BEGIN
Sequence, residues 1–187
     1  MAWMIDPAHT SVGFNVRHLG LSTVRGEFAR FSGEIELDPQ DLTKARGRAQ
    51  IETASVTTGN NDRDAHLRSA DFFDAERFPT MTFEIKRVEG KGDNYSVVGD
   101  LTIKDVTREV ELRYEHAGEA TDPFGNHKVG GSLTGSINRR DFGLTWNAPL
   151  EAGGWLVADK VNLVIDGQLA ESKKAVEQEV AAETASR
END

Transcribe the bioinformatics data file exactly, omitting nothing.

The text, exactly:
Sequence, residues 1–187
     1  MAWMIDPAHT SVGFNVRHLG LSTVRGEFAR FSGEIELDPQ DLTKARGRAQ
    51  IETASVTTGN NDRDAHLRSA DFFDAERFPT MTFEIKRVEG KGDNYSVVGD
   101  LTIKDVTREV ELRYEHAGEA TDPFGNHKVG GSLTGSINRR DFGLTWNAPL
   151  EAGGWLVADK VNLVIDGQLA ESKKAVEQEV AAETASR